CNN Interviews ‘lead suspect’ in Benghazi attacks

Quite a chain of events took place today. First, CNN’s John King reported that Arwa Damon, a CNN colleague of his went to Benghazi and interviewed a ‘lead suspect’ in the attacks for two hours. During this interview, King did not name the suspect but relayed that this individual said he had not been contacted by either the FBI or the Libyan government.

Here is King, via the Weekly Standard:

A bit later, White House press secretary Jay Carney was asked by Fox’s Ed Henry how CNN was able to talk to a suspect and the FBI was not. Carney demurred and told Henry to talk to the FBI.

We wonder… Isn’t the job of Carney’s boss to ask the FBI why the FBI hasn’t interviewed a lead suspect but CNN has?

Via WFB:

Not long after Carney’s press conference, John King was back on CNN and spoke with Wolf Blitzer. During this interview, Kind did identify the name of the ‘lead suspect’ that Damon spoke to. It was Ahmed Abu Khattala, who is the head of Ansar al-Sharia in Libya.

Moreover, it appears that Henry’s question to Carney is indeed quite valid, though Damon isn’t the first reporter that Khattala interviewed with. Back in October, Reuters reported on its interview with him:

In an interview, Abu Khattala told Reuters he had only heard he was a suspect through news media and was surprised that officials had told journalists he was at large.

“These reports say that no one knows where I am and that I am hiding,” he said. “But here I am in the open, sitting in a hotel with you. I’m even going to pick up my sister’s kids from school soon.”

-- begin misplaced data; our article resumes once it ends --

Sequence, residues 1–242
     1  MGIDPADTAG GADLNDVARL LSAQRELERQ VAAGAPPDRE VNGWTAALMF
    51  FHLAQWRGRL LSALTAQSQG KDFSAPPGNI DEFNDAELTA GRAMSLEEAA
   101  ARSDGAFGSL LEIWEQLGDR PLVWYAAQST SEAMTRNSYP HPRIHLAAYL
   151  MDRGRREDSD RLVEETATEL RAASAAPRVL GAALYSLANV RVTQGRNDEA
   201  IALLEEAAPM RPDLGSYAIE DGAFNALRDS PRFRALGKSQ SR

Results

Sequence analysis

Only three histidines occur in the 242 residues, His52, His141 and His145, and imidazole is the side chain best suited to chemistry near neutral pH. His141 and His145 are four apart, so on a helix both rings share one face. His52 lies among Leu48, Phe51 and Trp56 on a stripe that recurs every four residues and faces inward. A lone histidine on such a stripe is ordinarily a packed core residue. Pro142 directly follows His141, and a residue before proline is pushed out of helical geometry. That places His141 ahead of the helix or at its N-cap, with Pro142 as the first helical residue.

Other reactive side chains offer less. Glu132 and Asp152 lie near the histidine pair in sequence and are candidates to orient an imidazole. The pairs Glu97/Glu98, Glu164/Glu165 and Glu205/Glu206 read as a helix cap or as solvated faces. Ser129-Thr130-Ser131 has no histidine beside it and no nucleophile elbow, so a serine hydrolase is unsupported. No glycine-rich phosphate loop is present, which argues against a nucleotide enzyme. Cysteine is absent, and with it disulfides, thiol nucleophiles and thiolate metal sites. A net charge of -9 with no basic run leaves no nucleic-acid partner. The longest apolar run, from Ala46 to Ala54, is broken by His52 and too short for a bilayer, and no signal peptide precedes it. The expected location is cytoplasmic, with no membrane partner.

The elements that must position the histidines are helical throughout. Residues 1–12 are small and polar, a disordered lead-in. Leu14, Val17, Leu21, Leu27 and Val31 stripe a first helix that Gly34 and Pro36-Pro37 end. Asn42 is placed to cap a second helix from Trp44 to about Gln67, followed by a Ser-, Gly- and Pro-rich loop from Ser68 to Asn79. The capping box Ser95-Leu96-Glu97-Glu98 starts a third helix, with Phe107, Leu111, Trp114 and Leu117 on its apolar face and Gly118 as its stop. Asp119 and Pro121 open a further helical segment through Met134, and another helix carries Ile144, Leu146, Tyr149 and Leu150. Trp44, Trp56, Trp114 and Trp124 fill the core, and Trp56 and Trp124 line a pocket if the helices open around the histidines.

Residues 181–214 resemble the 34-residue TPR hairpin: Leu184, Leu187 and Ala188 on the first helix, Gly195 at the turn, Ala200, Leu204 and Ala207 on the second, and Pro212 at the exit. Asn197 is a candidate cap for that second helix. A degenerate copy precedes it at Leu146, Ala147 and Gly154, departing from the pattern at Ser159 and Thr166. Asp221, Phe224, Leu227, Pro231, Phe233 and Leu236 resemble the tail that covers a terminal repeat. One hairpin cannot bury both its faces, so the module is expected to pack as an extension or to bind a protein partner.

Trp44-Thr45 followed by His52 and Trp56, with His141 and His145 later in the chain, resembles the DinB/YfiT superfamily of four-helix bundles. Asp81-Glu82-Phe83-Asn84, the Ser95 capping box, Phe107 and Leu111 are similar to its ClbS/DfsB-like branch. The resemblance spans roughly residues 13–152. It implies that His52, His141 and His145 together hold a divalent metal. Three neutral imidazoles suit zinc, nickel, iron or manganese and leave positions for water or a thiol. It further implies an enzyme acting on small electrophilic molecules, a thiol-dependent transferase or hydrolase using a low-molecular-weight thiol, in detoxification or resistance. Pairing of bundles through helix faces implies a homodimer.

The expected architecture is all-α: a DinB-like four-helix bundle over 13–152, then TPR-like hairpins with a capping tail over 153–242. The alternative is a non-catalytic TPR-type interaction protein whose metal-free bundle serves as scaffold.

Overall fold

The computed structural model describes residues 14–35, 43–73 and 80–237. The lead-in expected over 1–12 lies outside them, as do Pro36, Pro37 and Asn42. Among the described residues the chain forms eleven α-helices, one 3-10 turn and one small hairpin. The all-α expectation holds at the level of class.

Sitting with a friend in the restaurant of a Benghazi hotel, the 41-year-old, sporting a red felt hat and a full salt-and-pepper beard, laughed gently.

Benghazi_Burns

The Global Post reported back in October that Khattala interviewed with the AP as well:

“All this talk is baseless,” Khattala told the AP. “I am in Benghazi, have a job and live my life normally. I have not been accused by any party with any allegations … I am not a fugitive or in hiding.”

Meanwhile, US government sources told Reuters that Khattala is being probed as a suspect in the attacks, though investigators are not clear what role he played.

Khattala’s involvement notwithstanding, the buzz being caused by Damon’s ability to interview Khattala while the FBI and Libyan government have not, perhaps should have been front and center last October. Again, via Reuters:

A Libyan interior minister official close to the investigation told Reuters that a photograph was taken of Abu Khattala at the consulate at the time of the September 11 attacks but there was not enough evidence to arrest him.

“There were many people there from Ansar al-Shariah, from other brigades and from the general public,” the official, who refused to be named, said, referring to the hardline Islamist militia group which has been blamed for the attack.

“Just because someone is there doesn’t mean they were behind it.”

Not enough evidence to arrest him?

Apparently, being at the scene of a crime as well as having a rap sheet, a prison record, and involvement with a group named in the attack doesn’t even constitute enough evidence to question him.

It is curious that Damon’s interview with Khattala is getting this kind of attention now, when Khattala was interviewing with media one month after the attacks. While Damon’s interview with Khattal seems a bit newsworthy, there does seem to be a bit of an old news angle to it.

Here is King’s interview with Blitzer after Carney’s press briefing, via Jason Chaffetz:

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